July 25, 2012 |
NJ Transit will get $2.6 million to move ahead with plans for a "bus rapid transit" route to link South Jersey and Philadelphia, and SEPTA will receive $5 million to upgrade its 69th Street Terminal in Upper Darby, federal transportation officials said Monday. In addition, NJ Transit is getting $73 million to upgrade its statewide bus fleet, including new buses that run on compressed natural gas. The South Jersey rapid-bus system along Route 55, Route 42, and I-676 would allow rush-hour buses to travel on highway shoulder lanes and medians for part of the trip to Philadelphia and would provide 1,800 new parking spaces for commuters in Winslow and Deptford Townships.
July 11, 1986 |
Passengers who ride New Jersey Transit buses in Camden got some new traveling companions this week - city police officers. Under a transit authority program that began this week, Camden police officers have begun boarding and inspecting buses in an effort to crack down on riders who break the law or disturb the peace on city buses. The authority hopes the program will lure more riders because they will feel safer. "We believe that everybody has the right to ride the buses in peace and comfort," said Tom Kelly, director of security for NJ Transit's southern division.
March 13, 1990 |
New Jersey Transit will expand its Atlantic City rail service next month, adding five weekday trains and changing current schedules to attract more riders, the agency announced yesterday. Starting April 1, the company will run 11 trains each way on the Lindenwold-to-Atlantic City route weekdays, up from eight trains to the shore and nine coming back, said spokesman Jeffrey Lamm. On weekends, the company is adding 18 trains - eight on Saturdays and 10 on Sundays. In residential areas, trains will continue to adhere to a 60 m.p.h.
March 1, 1995 |
Just one month before the end of Amtrak service to Atlantic City, New Jersey Transit officials revealed that its rail service between Philadelphia and Atlantic City may also be in jeopardy. In a presentation to the NJ Transit's board of commissioners yesterday, Al Harf, assistant executive director of planning, called the South Jersey line a "loss leader" that will cost even more to operate after Amtrak pulls out. He put the increased cost to NJ Transit at $1.26 million per year, despite the extra revenue it will get from new passengers.
July 29, 1988 |
Shouting, "They're shooting at me, they're going to kill me," a panic- stricken man battled his way on board a NJ Transit bus on Vine Street last night and rode to the Police Administration Building, where officers tackled him in the lobby. For six blocks, the man hung on the side and front of the bus, fighting with the driver to get in a window. He finally got aboard through the back door as frightened passengers ran out. "He was hanging on my mirror, coming through my window feet first," bus driver Cheryl Damico said.
February 19, 1992 |
New Jersey Transit has moved a step closer to providing rail service between Atlantic City and Cherry Hill - and maybe on into Philadelphia. After four years of negotiations, the transit agency has bought a four-acre tract for a rail station next to Garden State Park, extending New Jersey Transit's Atlantic City line beyond its western terminus in Lindenwold. New Jersey Transit bought the tract for $1.1 million from International Thoroughbred Breeders, owner of Garden State Park, said agency spokesman Jeffrey Lamm.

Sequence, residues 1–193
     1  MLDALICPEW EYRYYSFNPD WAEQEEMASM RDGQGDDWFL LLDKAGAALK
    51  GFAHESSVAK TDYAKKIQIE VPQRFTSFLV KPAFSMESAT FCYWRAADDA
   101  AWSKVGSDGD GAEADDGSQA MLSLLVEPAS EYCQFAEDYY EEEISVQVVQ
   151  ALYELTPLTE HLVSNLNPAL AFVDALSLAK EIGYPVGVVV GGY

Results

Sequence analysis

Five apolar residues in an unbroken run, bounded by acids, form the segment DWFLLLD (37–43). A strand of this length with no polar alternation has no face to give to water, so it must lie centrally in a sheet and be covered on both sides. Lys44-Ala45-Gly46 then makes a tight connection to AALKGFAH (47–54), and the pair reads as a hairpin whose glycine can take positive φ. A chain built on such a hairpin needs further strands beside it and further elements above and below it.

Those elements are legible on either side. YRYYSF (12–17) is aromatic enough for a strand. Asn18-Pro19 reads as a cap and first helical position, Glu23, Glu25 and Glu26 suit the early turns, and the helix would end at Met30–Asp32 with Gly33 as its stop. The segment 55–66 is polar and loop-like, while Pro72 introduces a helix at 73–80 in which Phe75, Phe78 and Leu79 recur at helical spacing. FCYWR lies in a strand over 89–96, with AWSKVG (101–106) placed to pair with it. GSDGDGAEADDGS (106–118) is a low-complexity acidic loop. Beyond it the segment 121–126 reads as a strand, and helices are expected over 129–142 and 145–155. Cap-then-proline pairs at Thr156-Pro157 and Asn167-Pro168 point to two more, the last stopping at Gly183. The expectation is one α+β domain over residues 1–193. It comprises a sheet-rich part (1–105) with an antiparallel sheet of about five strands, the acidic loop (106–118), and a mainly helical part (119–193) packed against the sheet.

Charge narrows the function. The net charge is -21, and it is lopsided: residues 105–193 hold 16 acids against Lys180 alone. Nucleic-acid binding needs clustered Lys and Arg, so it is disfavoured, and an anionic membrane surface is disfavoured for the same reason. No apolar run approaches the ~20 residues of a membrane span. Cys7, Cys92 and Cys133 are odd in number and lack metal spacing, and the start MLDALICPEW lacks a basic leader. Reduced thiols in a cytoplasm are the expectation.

September 2, 2010 |
NJ Transit trains and rail stations may soon be Internet hot spots where passengers can access e-mail, browse the Web, and stream video and audio. The transit agency said Wednesday it was seeking a company to provide wireless broadband, or WiFi, Internet service for its 12 rail lines and 165 train stations. Internet access is available on Amtrak's Acela trains and on many international trains, but it remains a rarity on U.S. transit systems. In issuing its request for proposals from WiFi providers, NJ Transit said it hoped to award a contract by the end of the year and have the system available to riders by next year.
October 10, 2012 |
The Christie administration wants to eliminate free rides for NJ Transit employees. Making nonunion workers and retirees pay for their commutes and other trips could generate $1.6 million a year, NJ Transit spokeswoman Nancy Snyder said Monday. The proposal, which is expected to be approved by the NJT board Monday, would not affect the agency's union workers, whose free rides are part of their labor contracts. But contracts for all 28 NJT bargaining units have expired, Snyder said, and Gov. Christie has made it clear he wants free rides eliminated.
August 30, 2012 |
Police in Camden are searching for three women who ignored a NJ Transit driver's requests to get off a bus late Tuesday. One of the women then assaulted the driver. The women, all described as between 18 and 22, had become unruly before the driver stopped near Broadway and Atlantic Avenue around 11 p.m. and asked them to leave, Camden police said Wednesday. The driver suffered a minor facial cut and was treated at Cooper University Hospital, a NJ Transit spokesman said. The women ran off, Camden police said.